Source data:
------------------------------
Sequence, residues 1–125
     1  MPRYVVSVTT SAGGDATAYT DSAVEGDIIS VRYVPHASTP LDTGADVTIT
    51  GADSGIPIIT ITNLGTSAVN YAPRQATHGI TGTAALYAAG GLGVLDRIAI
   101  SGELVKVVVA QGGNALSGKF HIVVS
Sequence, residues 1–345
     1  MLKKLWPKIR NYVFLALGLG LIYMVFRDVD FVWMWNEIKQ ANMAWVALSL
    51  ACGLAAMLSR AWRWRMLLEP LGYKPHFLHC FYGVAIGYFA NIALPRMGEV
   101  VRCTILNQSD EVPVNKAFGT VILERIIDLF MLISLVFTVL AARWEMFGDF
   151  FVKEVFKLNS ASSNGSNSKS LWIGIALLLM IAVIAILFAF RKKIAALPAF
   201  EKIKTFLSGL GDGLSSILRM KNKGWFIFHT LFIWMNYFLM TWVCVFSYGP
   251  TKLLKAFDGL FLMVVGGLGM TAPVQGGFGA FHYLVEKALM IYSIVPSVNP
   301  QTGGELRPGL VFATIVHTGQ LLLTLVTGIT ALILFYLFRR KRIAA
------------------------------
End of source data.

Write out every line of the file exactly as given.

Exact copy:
Sequence, residues 1–125
     1  MPRYVVSVTT SAGGDATAYT DSAVEGDIIS VRYVPHASTP LDTGADVTIT
    51  GADSGIPIIT ITNLGTSAVN YAPRQATHGI TGTAALYAAG GLGVLDRIAI
   101  SGELVKVVVA QGGNALSGKF HIVVS
Sequence, residues 1–345
     1  MLKKLWPKIR NYVFLALGLG LIYMVFRDVD FVWMWNEIKQ ANMAWVALSL
    51  ACGLAAMLSR AWRWRMLLEP LGYKPHFLHC FYGVAIGYFA NIALPRMGEV
   101  VRCTILNQSD EVPVNKAFGT VILERIIDLF MLISLVFTVL AARWEMFGDF
   151  FVKEVFKLNS ASSNGSNSKS LWIGIALLLM IAVIAILFAF RKKIAALPAF
   201  EKIKTFLSGL GDGLSSILRM KNKGWFIFHT LFIWMNYFLM TWVCVFSYGP
   251  TKLLKAFDGL FLMVVGGLGM TAPVQGGFGA FHYLVEKALM IYSIVPSVNP
   301  QTGGELRPGL VFATIVHTGQ LLLTLVTGIT ALILFYLFRR KRIAA